A gallery of Javascript-enhanced graphics

On this page, I show a tableau of active graphics produced on Moyhu. The images are inactive, but the Try it! button leads to an active version corresponding to the image, and the title link leads to the original post or page. They are basically the same, but the "Try it! version has the key graphic placed at the top.

They are listed mainly by the capability used, as given by the radio buttons on the left, which you can click to select that category. I have tried to include every usage, so there is repetition. I have gathered what I think is a representative set of interest at the top of each selection; they have red borders.

Below the tableau here I have a description of the capabilities. I will write a blog post with a more expansive history.

  • All types is a combined list of all active graphics
  • WebGL is the most advanced capability. Descriptions by Wiki and Moyhu. Much of Moyhu graphics is oriented toward mapping data on a sphere which can be interactively examined by users. WebGL allows a trackball style of doing that, as with Google Earth. A Moyhu application will usually have an array of buttons for selecting data, or possibly drop-down menus or other devices for accessing a larger online database. Clicking on the sphere will usually bring up information about the nearest node. There is usually an underlying mesh, either regular or irregular triangles with stations as nodes. A few applications are not spheres.
  • Active This is where Moyhu interactive graphics started, using Javascript to allow user choice and intervention. A basic application is flipping through an array of stored images, possibly fast enough to give an animation effect. The images may superimpose, as where selected curves in a spaghetti plot can be highlighted. It also includes the use of XMLHTTPrequest to bring in more data on request. The climate plotter is one advanced usage. Others are specially classified as viewer or trend.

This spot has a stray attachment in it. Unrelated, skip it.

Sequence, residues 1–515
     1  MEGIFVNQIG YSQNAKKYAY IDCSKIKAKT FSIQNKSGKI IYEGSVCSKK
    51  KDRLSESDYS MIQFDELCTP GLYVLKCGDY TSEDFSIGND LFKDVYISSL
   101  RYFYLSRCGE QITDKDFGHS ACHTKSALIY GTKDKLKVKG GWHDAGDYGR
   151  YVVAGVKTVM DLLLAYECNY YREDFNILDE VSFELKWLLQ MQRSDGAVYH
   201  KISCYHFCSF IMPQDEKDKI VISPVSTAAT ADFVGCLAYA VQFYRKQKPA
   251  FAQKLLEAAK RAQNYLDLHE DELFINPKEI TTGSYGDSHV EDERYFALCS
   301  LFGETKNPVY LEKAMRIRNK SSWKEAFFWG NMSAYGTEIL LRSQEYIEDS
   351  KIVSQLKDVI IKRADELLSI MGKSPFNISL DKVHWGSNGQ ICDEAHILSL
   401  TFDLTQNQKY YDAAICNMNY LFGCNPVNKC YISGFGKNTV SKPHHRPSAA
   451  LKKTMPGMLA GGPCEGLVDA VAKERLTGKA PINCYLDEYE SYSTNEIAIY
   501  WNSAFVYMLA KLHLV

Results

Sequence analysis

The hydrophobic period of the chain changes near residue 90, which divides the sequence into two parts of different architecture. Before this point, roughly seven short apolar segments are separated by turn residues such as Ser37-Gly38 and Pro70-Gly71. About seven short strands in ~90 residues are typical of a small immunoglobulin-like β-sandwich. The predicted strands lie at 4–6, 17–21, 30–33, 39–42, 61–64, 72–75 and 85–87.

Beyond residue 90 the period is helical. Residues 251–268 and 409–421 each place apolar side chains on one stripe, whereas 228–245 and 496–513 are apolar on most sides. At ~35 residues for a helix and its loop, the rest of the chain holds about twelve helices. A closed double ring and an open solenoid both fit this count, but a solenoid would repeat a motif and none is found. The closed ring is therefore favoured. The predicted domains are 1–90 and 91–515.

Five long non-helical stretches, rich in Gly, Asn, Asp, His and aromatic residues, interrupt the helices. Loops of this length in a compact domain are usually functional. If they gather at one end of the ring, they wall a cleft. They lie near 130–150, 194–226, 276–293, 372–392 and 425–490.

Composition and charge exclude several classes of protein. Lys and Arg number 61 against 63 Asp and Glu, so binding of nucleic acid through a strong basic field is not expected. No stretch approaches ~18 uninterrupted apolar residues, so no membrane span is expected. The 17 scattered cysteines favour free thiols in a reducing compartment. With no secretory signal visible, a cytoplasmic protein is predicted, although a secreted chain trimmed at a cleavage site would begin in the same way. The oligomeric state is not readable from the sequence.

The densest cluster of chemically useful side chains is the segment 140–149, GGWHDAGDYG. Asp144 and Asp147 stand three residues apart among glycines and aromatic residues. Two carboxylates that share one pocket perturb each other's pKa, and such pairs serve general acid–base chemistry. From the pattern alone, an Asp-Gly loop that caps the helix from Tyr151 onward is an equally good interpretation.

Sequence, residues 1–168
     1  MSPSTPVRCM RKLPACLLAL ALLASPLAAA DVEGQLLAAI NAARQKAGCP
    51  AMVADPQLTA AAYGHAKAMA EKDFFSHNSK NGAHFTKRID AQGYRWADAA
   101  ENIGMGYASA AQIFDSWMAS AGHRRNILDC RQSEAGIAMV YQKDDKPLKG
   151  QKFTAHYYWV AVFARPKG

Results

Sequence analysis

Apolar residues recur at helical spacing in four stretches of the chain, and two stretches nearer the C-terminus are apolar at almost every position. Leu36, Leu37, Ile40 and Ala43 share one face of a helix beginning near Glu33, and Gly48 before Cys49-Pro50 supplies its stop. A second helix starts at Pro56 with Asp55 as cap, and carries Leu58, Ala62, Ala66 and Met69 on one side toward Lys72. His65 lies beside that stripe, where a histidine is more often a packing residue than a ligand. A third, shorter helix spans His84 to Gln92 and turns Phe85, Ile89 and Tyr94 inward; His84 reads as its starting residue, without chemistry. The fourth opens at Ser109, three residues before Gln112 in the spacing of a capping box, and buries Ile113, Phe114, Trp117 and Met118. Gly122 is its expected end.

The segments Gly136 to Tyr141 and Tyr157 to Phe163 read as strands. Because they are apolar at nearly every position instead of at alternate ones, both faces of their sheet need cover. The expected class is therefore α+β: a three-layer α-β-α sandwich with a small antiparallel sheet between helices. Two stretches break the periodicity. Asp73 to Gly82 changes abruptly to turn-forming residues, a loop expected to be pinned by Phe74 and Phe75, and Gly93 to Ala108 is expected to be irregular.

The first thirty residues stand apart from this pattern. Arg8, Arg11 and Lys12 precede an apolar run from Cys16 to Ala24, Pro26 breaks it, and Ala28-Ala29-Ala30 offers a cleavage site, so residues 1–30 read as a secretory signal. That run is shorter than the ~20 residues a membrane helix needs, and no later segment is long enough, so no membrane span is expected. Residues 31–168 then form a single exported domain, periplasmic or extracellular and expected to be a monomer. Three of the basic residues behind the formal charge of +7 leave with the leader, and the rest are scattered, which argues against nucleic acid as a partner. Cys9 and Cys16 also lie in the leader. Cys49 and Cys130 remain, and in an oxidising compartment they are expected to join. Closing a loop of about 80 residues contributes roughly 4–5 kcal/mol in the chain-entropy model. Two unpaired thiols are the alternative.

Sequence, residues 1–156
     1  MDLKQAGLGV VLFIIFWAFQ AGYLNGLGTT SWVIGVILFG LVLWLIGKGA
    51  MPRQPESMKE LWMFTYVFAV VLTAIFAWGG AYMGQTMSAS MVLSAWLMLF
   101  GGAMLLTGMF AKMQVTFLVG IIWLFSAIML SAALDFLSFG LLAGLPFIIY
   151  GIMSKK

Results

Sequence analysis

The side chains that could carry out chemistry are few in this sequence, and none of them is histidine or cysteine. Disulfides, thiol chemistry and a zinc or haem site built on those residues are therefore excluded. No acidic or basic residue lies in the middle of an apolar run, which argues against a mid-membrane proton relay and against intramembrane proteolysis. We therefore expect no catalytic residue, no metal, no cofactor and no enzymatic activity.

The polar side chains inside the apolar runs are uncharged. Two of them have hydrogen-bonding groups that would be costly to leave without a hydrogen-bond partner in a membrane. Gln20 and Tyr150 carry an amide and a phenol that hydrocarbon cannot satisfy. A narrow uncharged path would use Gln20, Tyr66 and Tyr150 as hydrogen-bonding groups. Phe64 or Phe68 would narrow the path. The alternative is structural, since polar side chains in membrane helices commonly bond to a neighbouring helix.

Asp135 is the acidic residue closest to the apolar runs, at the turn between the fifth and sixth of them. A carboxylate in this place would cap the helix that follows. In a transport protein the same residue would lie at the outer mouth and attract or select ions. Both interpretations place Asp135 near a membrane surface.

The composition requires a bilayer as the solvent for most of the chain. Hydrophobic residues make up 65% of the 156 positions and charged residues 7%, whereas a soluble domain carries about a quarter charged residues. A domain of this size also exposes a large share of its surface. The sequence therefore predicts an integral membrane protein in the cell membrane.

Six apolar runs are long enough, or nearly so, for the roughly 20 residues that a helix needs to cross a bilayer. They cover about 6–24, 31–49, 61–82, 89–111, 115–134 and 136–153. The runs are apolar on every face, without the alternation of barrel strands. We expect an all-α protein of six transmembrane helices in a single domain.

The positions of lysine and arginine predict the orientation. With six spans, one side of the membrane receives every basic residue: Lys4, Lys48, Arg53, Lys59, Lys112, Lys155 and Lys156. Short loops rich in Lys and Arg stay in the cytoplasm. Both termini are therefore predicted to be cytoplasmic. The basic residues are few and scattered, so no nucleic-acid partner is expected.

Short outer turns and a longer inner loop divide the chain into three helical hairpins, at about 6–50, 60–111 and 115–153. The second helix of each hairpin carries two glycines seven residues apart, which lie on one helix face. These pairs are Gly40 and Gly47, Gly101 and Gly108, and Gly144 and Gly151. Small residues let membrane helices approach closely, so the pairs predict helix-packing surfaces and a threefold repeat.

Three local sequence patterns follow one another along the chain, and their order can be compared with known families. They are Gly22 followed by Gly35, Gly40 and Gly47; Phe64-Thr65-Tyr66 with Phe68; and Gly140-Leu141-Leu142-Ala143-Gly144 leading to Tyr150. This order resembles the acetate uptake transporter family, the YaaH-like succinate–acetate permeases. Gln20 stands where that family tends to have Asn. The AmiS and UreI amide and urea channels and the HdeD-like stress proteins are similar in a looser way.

• HTML 5 canvas These are active plots that make use of the HTML5 canvas facility for drawing graphs and other graphics on screen under user control. User controls usually are selection buttons and dragging capabilities. But it also includes shaded plots (now generally done with WebGL) and even spheres that can be set to arbitrary positions by clicking on a control map (not trackball).
  • Animation I have reserved this mostly for animation with graphics compression, usually made with ffmpeg from jpeg or png images generated with an R program.
  • Active viewer This is a subset of Active in which a large array of series (usually proxy plots) are graphed in an indecipherable spaghetti plot. There is a button or selection device for each series, which shows up the corresponding curve in black. When selected there is a table of information shown, and also possibly the location on a map.
  • Active trend This is a particular class of active plots incorporating a triangle showing all possible trends of a time series, linked to a graph with a marker for beginning and end of the trend period. For any trend selected, there is a table of data (CI's etc). Usually there is a table of buttons for selecting a temperature dataset, with a general range and possibly showing information about statistical significance of trend etc.
  • Drag This is a subset of Active where the user typically drags curves around on a graph(with axes responding).
  • Google Maps These are active plots that use a Google Maps API. Typically there are markers for temperature stations which can be selected in various ways, with different colors representing selection classes. Clicking on markers will bring up a balloon with identifying information. The usual Google Maps facilities of dragging and zooming work.
  • JS Globe I have gathered here some early efforts at showing plots on a globe, using just active Javascript. Typically there are 6 or 8 images from regularly placed view angles (vertices or face centres of a cube), and a device for the user to select.